Thomas Surrey

Thomas Surrey

Centre de Regulació Genòmica

Life & Medical Sciences

Thomas Surrey obtained his PhD in Biochemistry from the University of Tübingen in 1995. After postdoctoral training at Princeton University and the European Molecular Biology Laboratory (EMBL) in Heidelberg, he became group leader at EMBL. In 2011, Thomas moved to the CRUK London Research Institute (LRI) to take the position of a senior group leader and later transferred to the newly established Francis Crick Institute in London. In 2019, Thomas relocated to the Centre of Genomic Regulation (CRG), a part of the Barcelona Institute of Science and Technology, to take the position as a CRG senior group leader and ICREA research professor. Thomas is author of 86 research publications, elected EMBO member (2012), recipient of an ERC Advanced Grant (2013) and of the Hooke medal of the British Society of Cell Biology (2015). He was a Whitman Center Fellow at the Marine Biology Laboratory (MBL) in Woods Hole in 2016 and a Visiting Miller Professor at UC Berkeley in 2018.

Research interests

Living cells are internally highly organized, yet also very dynamic. How is dynamic order generated? The cytoskeleton plays a critical role in this process by forming an active filament network that provides a mechanically stable coordinate system for the internal organization of cells. The Surrey lab studies the properties of the microtubule cytoskeleton with a particular interest in its ability to organize itself into different networks in different cell types or at different times of a cell’s life cycle. The Surrey lab has pioneered several biochemical in vitro reconstitution approaches in which minimal cytoskeletal subsystems can be generated from purified components. Observing the behaviour of these reconstituted systems by advanced fluorescence microscopy provides insight into the molecular mechanisms underlying cytoskeleton dynamics and function. Our goal is to uncover the design principles governing active biological network organization which is essential for cell function.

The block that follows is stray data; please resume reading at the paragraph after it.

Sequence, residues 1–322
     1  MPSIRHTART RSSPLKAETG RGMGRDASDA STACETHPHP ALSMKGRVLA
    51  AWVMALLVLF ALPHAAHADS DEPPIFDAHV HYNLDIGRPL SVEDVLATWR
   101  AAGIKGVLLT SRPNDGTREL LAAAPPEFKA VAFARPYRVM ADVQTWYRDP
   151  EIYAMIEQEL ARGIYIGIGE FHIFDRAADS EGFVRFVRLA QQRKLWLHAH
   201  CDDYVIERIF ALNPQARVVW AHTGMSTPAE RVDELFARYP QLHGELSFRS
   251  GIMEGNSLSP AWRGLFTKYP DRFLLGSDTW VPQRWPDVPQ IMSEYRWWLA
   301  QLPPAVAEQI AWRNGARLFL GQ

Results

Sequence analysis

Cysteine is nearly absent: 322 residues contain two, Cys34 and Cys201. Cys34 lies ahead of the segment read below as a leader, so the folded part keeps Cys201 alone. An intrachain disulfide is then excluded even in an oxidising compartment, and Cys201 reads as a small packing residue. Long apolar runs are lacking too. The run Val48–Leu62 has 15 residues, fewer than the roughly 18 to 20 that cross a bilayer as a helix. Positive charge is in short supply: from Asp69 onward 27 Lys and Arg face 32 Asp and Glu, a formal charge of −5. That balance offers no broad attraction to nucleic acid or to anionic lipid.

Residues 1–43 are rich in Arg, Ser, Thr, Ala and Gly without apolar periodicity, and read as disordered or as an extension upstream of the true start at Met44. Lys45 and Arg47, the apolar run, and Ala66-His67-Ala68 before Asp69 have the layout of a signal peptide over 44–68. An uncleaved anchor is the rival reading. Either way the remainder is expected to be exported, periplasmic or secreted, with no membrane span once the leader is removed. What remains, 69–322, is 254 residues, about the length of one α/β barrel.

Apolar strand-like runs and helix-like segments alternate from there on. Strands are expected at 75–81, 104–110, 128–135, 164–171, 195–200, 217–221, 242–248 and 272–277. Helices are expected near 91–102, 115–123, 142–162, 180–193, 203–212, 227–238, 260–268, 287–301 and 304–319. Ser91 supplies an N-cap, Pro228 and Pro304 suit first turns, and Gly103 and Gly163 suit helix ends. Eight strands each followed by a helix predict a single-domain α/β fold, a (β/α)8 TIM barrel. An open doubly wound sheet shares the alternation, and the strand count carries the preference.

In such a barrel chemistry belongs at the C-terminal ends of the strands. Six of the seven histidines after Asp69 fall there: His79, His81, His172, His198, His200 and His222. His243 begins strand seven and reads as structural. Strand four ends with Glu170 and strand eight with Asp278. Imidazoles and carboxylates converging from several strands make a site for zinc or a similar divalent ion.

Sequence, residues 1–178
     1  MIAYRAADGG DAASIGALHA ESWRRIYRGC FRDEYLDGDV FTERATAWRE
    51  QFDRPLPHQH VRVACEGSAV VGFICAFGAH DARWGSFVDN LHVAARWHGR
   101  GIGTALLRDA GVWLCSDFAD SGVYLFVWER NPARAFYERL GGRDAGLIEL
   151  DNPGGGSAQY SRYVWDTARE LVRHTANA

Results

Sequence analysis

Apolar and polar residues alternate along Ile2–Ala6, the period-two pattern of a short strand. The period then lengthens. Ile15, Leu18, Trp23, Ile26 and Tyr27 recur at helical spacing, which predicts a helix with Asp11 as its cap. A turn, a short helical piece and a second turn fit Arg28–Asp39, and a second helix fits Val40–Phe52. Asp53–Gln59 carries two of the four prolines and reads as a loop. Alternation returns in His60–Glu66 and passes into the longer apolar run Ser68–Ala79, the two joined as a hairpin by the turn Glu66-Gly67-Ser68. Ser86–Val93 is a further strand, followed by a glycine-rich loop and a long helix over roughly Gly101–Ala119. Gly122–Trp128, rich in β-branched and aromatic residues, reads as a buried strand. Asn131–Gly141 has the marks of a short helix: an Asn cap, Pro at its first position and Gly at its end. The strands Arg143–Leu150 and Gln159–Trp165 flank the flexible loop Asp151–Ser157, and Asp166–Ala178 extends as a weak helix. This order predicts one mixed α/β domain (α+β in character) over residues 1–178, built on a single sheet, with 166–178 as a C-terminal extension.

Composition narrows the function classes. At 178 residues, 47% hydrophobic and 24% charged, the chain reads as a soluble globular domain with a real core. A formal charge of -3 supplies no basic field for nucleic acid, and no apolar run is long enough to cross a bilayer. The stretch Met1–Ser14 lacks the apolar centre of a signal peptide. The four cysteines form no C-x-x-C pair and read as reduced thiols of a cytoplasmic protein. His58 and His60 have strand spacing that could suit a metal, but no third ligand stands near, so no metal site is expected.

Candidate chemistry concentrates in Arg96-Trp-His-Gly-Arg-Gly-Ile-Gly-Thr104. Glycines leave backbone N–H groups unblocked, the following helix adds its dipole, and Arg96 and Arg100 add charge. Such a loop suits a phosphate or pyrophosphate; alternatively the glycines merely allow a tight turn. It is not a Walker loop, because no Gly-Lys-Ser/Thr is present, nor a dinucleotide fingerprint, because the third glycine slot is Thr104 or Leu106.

Selected research activities

Prior to my ICREA appointment 

Selected Publications

Rickman J, Nedelec F, Surrey T (2019) Effects of spatial dimensionality and steric interactions on microtubule-motor self-organization. Physical Biology 16 (4), 046004.

Hannabuss J, Lera-Ramirez M, Cade NI, Fourniol FJ, Nedelec F, Surrey T (2019) Self-Organization of Minimal Anaphase Spindle Midzone Bundles, Current Biology, 29 (13) 2120

Most releveant invited conference presentations

Surrey T. Self-organization of a minimal anaphase spindle-like midzone. Invited lecture at the Company of Biologists Workshop ‘Reconstitution of cell cytoskeleton in vitro’ at Wiston House, West Sussex, UK, January 2019

Surrey T. Self-organization of minimal anaphase spindle-like midzone. Invited lecture  at the conference ‘Mitotic spindle: From living and synthetic systems to theory’, Split, Croatia, March 2019

Surrey T. In vitro reconstitution of dynamic microtubule systems. Invited Keynote lecture at the Gordon Research Conference on Motile and Contractile Systems at Colby-Sawyer College, New London, NH, USA, July 2019

Surrey T. Self-organization of microtubules, motors and bundlers. Invited lecture  at UIMP Summer School ‘Frontiers in Synthetic Biology (III) – Constructing a synthetic cell’, Santander, Spain, August 2019

Surrey T. Design principles of dynamic cytoskeleton organization derived from in vitro reconstitutions. Invited Lecture at UNIA Workshop Current Trends in Biomedicine ‘From Cancer to Developmental Defects: The Control of DNA Segregation and Human Disease’, Baeza Spain, October 2019